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Iraq: The View from Downing Street

Try not to believe that myself or President Bush are sort of badly motivated people who want to do the worst

Tony Blair said on Veterans' Day,

just try and look at it from the perspective that we are taking on and recognize that were it not for the conflict, those people in Iraq would still be under the lash of Saddam and his sons and their henchmen

Decrying "resurgent anti-Americanism" in an interview with London-based American correspondents in his Downing Street office on November 11, 2003 (including Warren Hoge of the New York Times), Britain's prime minister said that Europeans should drop their caricatured view of U.S. policy.

"Is America, as I think these critics believe, simply exercising its power in a selfish way without regard to the interests of the wider world, to do whatever it wills because it is the most powerful nation," Blair asked rhetorically, "or is America correctly identifying on behalf of the world the key security threats of the 21st century and dealing with it in a balanced, measured and just way, so that advantages that countries like America and Britain have are extended to other countries in the world?" He replied, "That is my view where it is."

Asked about British complaints that he appeared to give unquestioning support to Washington, the P.M. retorted that there was a number of areas in which he was in disagreement with U.S. policy (such as the environment, trade, and steel tariffs) and that he made such disagreements known forcefully in private. He did not, however, share his critics' view that he ought to stand up to the United States more in public.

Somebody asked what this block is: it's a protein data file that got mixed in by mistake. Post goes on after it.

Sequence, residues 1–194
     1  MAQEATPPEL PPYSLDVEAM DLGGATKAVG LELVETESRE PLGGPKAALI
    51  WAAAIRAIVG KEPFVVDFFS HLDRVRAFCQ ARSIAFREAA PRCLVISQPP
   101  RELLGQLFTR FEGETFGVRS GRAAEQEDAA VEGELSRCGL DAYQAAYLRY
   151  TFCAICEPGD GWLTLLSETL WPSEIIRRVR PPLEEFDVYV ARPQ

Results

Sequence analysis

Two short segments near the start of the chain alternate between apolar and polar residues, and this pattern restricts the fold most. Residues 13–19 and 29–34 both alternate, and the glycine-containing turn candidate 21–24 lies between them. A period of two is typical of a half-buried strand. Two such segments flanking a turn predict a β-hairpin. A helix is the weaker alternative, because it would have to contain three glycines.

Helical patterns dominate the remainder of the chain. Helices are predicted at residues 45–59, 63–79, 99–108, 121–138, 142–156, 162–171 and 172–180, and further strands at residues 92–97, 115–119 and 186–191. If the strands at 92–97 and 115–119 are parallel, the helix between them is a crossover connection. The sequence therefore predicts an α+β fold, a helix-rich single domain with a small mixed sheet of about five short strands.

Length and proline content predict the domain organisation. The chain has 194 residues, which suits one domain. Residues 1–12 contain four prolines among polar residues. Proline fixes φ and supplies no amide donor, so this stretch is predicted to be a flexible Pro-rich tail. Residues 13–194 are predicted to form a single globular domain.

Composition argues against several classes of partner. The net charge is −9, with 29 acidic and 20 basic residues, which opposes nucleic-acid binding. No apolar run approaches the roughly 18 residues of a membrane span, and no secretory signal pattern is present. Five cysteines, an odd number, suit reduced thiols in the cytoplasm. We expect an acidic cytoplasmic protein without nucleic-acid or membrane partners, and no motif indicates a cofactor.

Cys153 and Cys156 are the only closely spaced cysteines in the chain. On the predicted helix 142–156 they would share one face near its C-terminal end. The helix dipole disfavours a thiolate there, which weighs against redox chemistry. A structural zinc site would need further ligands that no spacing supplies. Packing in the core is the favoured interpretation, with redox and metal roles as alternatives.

I don't believe it is very sensible when you are in a coalition and you are fighting a war and then fighting a peace in very difficult circumstances to be mouthing off every so often

he said. Adding

And actually, I don't believe the essential strategy of the Americans if wrong. I believe it is right.

12 Million Britons Signing a Peace Petition

Regarding the hundreds of thousands of demonstrators marching worldwide against the war with Iraq, Blair told fellow Labour Party members in February 2003 (before the shooting started):

If there are 500,000 on the march, that is less than the number of people whose deaths Saddam has been responsible for. If there [are] one million, that is still less than the number of people who died in the wars he started.

And as far as figures go, a few days later, Denis MacShane (Britain's minister for European affairs during the second Gulf war) put the numbers of the demonstrators and their significance into perspective when he reminded the French daily Le Monde that in the 1930s, there was an anti-war public opinion that was much louder than today's, with 12 million Britons signing a peace petition, which they sent to Hitler!

A Noble and Good Cause

Paying a surprise whistle-stop visit to the southern Iraqi city of Basra on January 4, 2004, Blair thanked British troops for their part in toppling Saddam Hussein and told them they had fought in "a noble and good cause".

Iraq was a country whose régime had a proven record of the use of weapons of mass destruction — not just their development — and a régime so abhorrent that … literally hundreds of thousands of its citizens died in prison camps and torture and repression. If we had backed away from that, we would never have been able to confront this threat in the other countries where it exists.